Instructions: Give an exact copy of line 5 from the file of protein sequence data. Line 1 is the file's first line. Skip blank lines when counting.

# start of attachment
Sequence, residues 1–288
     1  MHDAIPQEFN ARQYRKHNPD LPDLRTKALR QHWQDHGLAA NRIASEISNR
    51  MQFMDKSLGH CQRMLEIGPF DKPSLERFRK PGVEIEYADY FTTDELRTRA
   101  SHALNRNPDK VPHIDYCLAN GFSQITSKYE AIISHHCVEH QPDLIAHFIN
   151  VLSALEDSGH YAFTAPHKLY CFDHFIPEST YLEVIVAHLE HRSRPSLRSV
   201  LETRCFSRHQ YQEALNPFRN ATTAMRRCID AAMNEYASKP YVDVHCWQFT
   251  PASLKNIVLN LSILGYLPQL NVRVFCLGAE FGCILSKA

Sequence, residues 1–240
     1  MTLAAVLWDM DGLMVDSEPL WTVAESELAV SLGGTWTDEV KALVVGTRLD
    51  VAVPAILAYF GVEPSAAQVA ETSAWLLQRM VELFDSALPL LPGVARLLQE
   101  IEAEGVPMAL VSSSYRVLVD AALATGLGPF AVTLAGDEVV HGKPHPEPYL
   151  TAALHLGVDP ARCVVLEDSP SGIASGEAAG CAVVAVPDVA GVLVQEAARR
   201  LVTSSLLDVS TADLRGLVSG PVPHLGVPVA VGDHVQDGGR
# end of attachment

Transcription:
   151  VLSALEDSGH YAFTAPHKLY CFDHFIPEST YLEVIVAHLE HRSRPSLRSV